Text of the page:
Our licensing opportunities tagged with Catalysis are shown below.
Nanoporous materials have many applications including the formation of high surface area electrodes that increase the efficiency of fuel cells, photovoltaics, OLED devices and membrane separation technologies, such as desalination.
The main advantage of these materials is that they can be bicontinuous, which means that the porous portions of the material are completely accessible. Currently it is difficult to create such a structure in a controlled manner, as this requires controlled chemistry and long processing times.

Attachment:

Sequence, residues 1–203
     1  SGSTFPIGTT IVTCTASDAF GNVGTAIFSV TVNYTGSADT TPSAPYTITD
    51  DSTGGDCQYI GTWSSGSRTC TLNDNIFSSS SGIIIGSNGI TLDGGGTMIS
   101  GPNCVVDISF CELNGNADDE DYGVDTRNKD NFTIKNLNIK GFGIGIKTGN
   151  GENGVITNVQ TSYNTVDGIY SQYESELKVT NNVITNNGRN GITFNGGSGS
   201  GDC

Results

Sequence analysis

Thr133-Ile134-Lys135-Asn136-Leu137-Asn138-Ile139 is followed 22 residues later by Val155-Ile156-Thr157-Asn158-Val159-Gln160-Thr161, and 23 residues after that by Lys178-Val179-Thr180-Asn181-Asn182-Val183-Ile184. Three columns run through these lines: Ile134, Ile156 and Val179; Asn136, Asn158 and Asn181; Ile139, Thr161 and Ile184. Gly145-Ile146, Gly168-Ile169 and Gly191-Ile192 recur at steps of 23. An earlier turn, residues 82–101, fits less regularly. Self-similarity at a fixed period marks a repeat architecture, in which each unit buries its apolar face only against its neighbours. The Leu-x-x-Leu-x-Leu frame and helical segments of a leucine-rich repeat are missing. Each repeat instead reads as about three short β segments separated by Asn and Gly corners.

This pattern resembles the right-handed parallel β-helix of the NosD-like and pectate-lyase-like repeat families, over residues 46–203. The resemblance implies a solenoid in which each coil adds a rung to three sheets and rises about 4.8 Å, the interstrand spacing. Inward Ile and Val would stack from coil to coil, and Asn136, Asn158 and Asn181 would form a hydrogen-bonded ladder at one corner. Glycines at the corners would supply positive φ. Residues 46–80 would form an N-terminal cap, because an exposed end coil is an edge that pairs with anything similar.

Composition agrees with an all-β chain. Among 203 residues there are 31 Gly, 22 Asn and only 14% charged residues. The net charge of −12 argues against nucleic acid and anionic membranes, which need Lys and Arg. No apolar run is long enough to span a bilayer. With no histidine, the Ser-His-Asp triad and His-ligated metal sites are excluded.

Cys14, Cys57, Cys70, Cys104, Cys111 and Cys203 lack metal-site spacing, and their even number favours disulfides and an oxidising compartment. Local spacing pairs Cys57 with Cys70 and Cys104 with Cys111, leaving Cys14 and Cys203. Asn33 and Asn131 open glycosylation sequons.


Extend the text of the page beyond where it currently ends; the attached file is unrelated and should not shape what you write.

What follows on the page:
This novel invention is a robust method of creating nanoporous materials from copolymeric systems. Through the application of the UV radiation. cross-linking and photodegradation convert an initially spherical, micellar system into a bicontinuous matrix of polymer and voids.
The resulting template can be used as-is or can, with further, simple chemical transformations, be converted into inorganic nanoporous materials that have other exotic functionalities such as water splitting, tunable magnetoelectric properties, and high surface area electrodes.